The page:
C bitfields considered harmful

In C (and C++) you can specify that a variable should take a specific number of bits of storage by doing “uint32_t foo:4;” rather than just “uint32_t foo”. In this example, the former uses 4 bits while the latter uses 32bits. This can be useful to pack many bit fields together.

Or, that’s what they’d like you to think.

In reality, the C spec allows the compiler to do just about anything it wants with these bitfields – which usually means it’s something you didn’t expect.

For a start, in a struct -e.g. “struct foo { uint32_t foo:4; uint32_t blah; uint32_t blergh:20; }” the compiler could go and combine foo and blergh into a single uint32_t and place it somewhere… or it could not. In this case, sizeof(struct foo) isn’t defined and may vary based on compiler, platform, compiler version, phases of the moon or if you’ve washed your hands recently.

Where this can get interesting is in network protocols (OMG DO NOT DO IT), APIs (OMG DO NOT DO IT), protecting different parts of a struct with different mutexes (EEP, don’t do it!) and performance.

I recently filed MySQL bug 74831 which relates to InnoDB performance on POWER8. InnoDB uses C bitfields which are themselves bitfields (urgh) for things like “flag to say if this table is compressed”. At various parts of the code, this flag is checked.

When you apply this simple patch:

--- mysql-5.7.5-m15.orig/storage/innobase/include/dict0mem.h
+++ mysql-5.7.5-m15/storage/innobase/include/dict0mem.h
@@ -1081,7 +1081,7 @@ struct dict_table_t {
        Use DICT_TF_GET_COMPACT(), DICT_TF_GET_ZIP_SSIZE(),
        DICT_TF_HAS_ATOMIC_BLOBS() and DICT_TF_HAS_DATA_DIR() to parse this
        flag. */
-       unsigned                                flags:DICT_TF_BITS;
+       unsigned                                flags;

I get 10,000 key lookups/sec more than without it!

Why is this? If you go and read the bug, you’ll see that the amount of CPU time spent on the instruction checking the bit flag is actually about the same… and this puzzled me for a while. That is, until Anton reminded me that the PMU can be approximate and perhaps I should look at the loads.

Sure enough, the major difference is that with the bitfield in place (i.e. MySQL 5.7.5 as it stands today), there is a ld instruction doing the load – which is a 64bit load. In my patched version, it’s a lwx instruction – which is a 32bit load.

So, basically, we were loading 8 bytes instead of 4 every time we were checking if it was a compressed table.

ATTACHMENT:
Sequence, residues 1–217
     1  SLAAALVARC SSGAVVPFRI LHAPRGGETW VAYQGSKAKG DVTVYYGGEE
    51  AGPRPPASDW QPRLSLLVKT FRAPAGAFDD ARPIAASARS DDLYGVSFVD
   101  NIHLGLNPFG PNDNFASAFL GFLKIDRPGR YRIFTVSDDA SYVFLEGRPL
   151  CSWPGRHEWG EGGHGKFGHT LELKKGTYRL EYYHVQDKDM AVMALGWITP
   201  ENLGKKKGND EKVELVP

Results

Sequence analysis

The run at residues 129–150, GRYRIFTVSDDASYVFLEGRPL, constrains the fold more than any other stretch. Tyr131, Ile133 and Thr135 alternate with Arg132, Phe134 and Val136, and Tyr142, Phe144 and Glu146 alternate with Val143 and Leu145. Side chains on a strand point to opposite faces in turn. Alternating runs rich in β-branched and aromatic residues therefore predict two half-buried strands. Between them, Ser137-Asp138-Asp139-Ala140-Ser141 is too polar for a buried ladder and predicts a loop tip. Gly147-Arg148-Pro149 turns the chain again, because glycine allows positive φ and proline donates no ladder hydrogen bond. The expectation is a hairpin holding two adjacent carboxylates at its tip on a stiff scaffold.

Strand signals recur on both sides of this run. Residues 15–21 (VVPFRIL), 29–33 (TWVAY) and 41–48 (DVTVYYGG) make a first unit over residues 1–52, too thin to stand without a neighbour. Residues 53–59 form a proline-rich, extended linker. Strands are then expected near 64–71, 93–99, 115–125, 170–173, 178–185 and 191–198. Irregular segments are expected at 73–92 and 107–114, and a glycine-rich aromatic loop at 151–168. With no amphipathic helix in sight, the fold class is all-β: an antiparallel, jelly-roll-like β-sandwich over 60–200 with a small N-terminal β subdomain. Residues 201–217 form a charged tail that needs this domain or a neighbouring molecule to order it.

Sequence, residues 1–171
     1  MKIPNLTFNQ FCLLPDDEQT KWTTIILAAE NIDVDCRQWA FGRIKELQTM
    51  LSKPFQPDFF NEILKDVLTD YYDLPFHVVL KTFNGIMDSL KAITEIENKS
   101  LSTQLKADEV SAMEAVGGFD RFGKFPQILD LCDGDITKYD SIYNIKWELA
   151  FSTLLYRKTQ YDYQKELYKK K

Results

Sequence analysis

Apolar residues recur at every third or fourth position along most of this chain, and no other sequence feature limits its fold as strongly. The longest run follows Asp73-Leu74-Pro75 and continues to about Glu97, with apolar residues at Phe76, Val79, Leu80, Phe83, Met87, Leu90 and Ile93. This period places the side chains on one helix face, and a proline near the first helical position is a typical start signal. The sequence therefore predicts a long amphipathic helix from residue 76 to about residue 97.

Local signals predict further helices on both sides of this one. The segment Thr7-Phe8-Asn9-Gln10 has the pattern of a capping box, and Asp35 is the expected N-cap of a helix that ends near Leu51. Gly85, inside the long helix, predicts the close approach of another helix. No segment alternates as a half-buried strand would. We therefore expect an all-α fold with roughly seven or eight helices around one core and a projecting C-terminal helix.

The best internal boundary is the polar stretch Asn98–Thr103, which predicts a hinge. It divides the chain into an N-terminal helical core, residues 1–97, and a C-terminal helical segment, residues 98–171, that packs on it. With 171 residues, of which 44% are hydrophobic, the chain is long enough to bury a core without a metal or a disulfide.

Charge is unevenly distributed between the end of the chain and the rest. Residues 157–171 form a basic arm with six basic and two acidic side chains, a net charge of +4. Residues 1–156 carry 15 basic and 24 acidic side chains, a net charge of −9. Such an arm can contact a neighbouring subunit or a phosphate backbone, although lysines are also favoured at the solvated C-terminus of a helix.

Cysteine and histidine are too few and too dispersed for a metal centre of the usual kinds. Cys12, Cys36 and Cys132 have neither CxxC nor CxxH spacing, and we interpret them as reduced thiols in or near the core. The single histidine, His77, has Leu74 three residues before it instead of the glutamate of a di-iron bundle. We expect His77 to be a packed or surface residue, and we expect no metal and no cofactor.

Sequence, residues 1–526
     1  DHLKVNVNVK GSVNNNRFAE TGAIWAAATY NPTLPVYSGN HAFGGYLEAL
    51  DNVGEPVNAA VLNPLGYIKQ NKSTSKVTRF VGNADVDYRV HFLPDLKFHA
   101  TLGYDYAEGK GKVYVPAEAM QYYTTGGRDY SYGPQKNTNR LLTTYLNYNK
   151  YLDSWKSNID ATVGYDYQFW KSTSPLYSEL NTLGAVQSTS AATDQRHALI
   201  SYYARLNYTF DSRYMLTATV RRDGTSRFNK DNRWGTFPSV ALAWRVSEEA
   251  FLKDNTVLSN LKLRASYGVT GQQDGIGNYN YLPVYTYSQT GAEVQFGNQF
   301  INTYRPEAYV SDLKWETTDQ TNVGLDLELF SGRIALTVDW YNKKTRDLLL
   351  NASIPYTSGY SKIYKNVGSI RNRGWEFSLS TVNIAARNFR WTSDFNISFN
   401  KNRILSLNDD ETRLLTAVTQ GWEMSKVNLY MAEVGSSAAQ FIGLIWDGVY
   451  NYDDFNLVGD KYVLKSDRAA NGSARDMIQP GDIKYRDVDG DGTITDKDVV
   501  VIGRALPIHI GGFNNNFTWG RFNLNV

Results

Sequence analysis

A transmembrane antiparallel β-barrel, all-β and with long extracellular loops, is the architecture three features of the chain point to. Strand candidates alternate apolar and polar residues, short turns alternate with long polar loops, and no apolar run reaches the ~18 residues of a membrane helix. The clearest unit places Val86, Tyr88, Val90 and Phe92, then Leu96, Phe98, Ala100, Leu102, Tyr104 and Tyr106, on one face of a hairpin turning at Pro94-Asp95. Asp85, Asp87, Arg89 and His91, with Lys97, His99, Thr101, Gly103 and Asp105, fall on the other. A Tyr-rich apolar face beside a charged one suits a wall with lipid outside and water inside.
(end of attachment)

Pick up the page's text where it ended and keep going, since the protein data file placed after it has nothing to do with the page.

So, along with yesterday’s lesson of never, ever, ever use volatile, today’s lesson is never, ever, ever use bitfields.

15 thoughts on “C bitfields considered harmful

  1. No reason to suggest that other architectures aren’t affected. The compiler is completely within its rights to do this on any platform. It probably made some decision somewhere to pack them all into a 64bit type as there’s probably some part in the code where this appears to make the most sense. There’s also no reason it couldn’t make a different decision at different optimization levels.

  2. unsigned foo:XX cannot have more bits that “unsigned” which is “unsigned int” which is , unless you run on a Cray, 32 bits. Making it 32 bits does not make much sense. i’m not telling that compiler is prohibited from doing it, but it is not a good idea

  3. “making it 64 bits” does not make sense, of course, sorry for typo. 32 bit makes perfect sense.

  4. You can blame me for introducing bitfields into the InnoDB dict_*_t structs. The goal at that time (MySQL 5.0 or 5.1) was to reduce the memory consumption of the data dictionary cache. InnoDB did not have any cache eviction. If you touched any table, its metadata would remain in memory until DROP TABLE or serve shutdown.

    In MySQL 5.6, Sunny Bains fixed this problem by enabling cache eviction for table definitions. We can say that the bitfield usage got past is ‘best before’ day at that time.

  5. Ahh… back in the good old days where every bit mattered. My guess is this came out of the quest to have SAP run on MySQL with its eleventy billion tables it loaded before you did anything. Also back at the time when the majority of mysqld was 32bits I guess too.

  6. Actually… how awesome is it that *this* is a bottleneck now? Remember all the other problems and bottlenecks that were there 10 years ago in the 5.0 days?

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